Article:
Sacha and Jason McLean | BCBusiness
Sacha + Jason McLean (WINNERS)
Vice-chair; president and CEO, The McLean Group of Companies
The evolution of the McLean Group from a real estate operation into an aviation, IT and film-production empire was part happenstance and part vision. In 1996, when then-CEO David McLean fell ill, his 21-year-old son Sacha stepped in and was tasked with “kicking out” short-term film production renters and finding permanent leases for a 30-acre East Vancouver warehouse lot. Sacha, now 39, realized there was a business there—“provided you built proper, L.A.-style studios.” The family teamed an L.A. sound stage designer with a local architect, and broke ground on the first studio in 1999.
Jason McLean, 41, who came on in 2002 to help “clean up” the company’s contract system, took on the task of finding $100 million in financing to complete and expand the studios. “It was a 10-year-plus process, convincing the financial markets that the [film] business was here to stay,” says Jason. Today, VFS is a six-building, 12-stage film production hub, with camera-equipped helicopters at the ready and two related offshoots: Pacific Backlot equipment rentals and Signal Systems production IT services. “It’s like the L.A. model of 80 years ago: everything vertically integrated, everyone under one roof,” says Jason. Last year, the McLean Group launched its own in-house production company, Gun Lake Pictures, which now has seven shows in development.
Entrepreneurial success is about choosing passion projects, says Sacha, but also about putting skilled people in charge so you can focus on strategy. “A lot of entrepreneurs make the mistake of trying to run a business and grow it at the same time,” he says. “You think you’re invincible—but it’s impossible.” Jason agrees: “There’s a humility associated with growth. When you realize you’re a better owner than manager, you can really get to the next phase of the business.”
Thomas Haas (FINALIST)
Owner, Thomas Haas Chocolates and Patisserie
Thomas Haas, 46, is sweet on the unexpected. Ranked among the top pastry chefs in New York? Move to Vancouver and launch a chocolaterie from the basement. Lose two major wholesale clients? Open a 4,000-square-foot retail kitchen in a quiet North Vancouver neighbourhood on his own dime—and then do it again in Kitsilano during the 2008-09 recession. The risks have paid off for Haas, whose two locations produce 20,000 high-end chocolates each week, plus pastries and other confections—and who plans to open a third test kitchen next year. “I follow my gut 100 per cent,” he says. “People can tell me a million projections. But if it feels good, I have never failed.”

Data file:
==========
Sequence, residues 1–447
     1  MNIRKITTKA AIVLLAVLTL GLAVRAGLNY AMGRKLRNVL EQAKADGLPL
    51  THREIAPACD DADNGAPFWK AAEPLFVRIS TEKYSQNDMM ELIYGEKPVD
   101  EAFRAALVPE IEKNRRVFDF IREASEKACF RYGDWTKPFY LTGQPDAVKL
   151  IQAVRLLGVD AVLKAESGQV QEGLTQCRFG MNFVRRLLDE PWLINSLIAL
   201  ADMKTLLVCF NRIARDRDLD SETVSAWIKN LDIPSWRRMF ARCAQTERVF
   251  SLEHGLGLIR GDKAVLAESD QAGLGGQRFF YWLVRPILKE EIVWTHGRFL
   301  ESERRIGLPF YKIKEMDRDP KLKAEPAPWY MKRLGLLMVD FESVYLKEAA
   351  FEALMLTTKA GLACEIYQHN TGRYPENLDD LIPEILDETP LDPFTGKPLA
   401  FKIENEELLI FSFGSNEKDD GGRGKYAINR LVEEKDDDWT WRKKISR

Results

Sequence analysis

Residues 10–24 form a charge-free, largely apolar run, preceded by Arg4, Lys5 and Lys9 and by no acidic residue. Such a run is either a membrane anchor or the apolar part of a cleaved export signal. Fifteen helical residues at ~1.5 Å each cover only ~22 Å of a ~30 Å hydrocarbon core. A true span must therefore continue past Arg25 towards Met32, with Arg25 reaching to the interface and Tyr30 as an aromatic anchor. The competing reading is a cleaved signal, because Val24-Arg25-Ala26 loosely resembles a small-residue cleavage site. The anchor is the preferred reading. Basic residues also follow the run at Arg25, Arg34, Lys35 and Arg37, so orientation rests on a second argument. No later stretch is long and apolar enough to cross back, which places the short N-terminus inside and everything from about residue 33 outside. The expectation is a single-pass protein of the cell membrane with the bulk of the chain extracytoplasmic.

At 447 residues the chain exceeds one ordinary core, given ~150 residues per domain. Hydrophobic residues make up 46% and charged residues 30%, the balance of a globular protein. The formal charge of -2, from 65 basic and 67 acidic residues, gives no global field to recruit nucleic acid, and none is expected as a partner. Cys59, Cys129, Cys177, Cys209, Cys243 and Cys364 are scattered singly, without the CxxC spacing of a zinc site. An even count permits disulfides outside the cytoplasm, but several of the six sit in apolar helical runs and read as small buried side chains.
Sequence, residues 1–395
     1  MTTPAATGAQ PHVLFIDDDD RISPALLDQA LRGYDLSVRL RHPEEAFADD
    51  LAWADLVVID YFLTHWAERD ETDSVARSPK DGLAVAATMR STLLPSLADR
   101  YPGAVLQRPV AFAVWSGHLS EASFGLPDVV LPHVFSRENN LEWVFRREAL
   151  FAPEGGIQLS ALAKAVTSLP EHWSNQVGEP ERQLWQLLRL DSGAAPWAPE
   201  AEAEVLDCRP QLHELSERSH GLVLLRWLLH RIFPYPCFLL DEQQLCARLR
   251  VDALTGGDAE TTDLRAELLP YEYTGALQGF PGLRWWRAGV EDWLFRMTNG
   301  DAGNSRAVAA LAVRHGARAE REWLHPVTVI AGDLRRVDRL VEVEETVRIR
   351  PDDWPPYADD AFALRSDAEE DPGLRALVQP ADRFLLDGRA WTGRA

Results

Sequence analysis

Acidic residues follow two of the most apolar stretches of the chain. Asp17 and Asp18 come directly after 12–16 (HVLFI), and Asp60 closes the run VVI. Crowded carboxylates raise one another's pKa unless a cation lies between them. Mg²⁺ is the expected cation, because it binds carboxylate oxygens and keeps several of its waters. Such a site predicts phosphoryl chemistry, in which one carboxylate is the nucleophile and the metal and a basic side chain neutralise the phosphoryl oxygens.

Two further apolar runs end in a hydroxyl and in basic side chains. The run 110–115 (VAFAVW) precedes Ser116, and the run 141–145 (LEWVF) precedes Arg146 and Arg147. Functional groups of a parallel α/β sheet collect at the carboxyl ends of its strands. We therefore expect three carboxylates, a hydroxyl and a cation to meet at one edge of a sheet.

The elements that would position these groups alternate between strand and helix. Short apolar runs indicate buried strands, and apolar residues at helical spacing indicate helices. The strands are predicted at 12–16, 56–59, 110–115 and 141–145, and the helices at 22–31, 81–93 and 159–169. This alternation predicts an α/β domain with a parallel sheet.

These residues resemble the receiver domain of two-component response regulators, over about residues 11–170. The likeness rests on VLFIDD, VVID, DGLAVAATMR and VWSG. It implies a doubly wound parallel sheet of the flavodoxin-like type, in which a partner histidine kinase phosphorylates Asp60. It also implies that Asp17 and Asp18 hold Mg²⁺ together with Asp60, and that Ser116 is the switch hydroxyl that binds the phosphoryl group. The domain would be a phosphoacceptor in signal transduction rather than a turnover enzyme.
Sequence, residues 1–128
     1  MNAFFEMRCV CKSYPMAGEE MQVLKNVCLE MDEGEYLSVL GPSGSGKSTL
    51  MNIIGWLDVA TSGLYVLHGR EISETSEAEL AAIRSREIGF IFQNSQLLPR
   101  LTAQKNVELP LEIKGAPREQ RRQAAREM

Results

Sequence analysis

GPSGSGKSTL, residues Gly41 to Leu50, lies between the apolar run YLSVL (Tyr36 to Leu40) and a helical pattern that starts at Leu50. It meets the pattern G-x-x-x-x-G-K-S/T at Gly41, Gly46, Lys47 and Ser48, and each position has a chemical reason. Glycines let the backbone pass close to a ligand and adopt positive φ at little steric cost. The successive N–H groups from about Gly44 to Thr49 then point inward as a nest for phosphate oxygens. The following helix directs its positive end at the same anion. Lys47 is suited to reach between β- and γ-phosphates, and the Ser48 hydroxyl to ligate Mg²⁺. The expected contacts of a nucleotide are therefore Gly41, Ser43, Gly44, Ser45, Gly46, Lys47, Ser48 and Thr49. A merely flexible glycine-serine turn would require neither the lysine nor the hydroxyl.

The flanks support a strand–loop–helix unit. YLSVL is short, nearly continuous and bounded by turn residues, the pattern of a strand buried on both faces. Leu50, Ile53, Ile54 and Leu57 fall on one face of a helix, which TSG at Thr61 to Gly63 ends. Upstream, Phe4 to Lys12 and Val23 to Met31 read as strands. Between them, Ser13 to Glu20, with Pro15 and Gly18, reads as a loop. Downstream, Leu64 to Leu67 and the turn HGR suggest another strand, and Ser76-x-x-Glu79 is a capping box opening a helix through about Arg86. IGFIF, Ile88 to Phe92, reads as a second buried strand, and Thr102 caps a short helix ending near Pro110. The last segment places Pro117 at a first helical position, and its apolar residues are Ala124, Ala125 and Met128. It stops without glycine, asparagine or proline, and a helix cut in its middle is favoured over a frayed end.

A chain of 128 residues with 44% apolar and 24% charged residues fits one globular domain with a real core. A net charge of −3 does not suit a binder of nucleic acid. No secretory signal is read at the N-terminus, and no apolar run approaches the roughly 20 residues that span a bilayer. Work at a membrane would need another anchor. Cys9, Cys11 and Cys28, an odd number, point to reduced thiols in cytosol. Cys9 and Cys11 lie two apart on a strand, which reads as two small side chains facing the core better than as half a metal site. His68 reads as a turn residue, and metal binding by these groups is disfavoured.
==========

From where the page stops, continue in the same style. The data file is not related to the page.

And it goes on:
Sergio Cocchia + Wendy Lisogar-Cocchia (FINALISTS)
President; CEO, Crew Management Ltd.
In 1985, Wendy Lisogar-Cocchia, 50, and her husband, Sergio Cocchia, 53, envisioned a five-star “staycation” destination at a time when the luxury spa concept was still undefined—but Wendy’s father, who had just handed over management of the Century Plaza Hotel to the young couple, didn’t think the new concept would succeed. “He negotiated a really difficult lease for me,” says Wendy. “It was the best training I could have got as an entrepreneur.” Today, Crew Management claims 10 locations of the celebrity-favoured Absolute Spa, plus three in-house spa product lines and a distribution arm that supplies eight other lines to 2,000 retailers worldwide. A $1.3-million renovation of the hotel and restaurant will be finished by 2015; next up is a plan to franchise Absolute Spa in the U.S.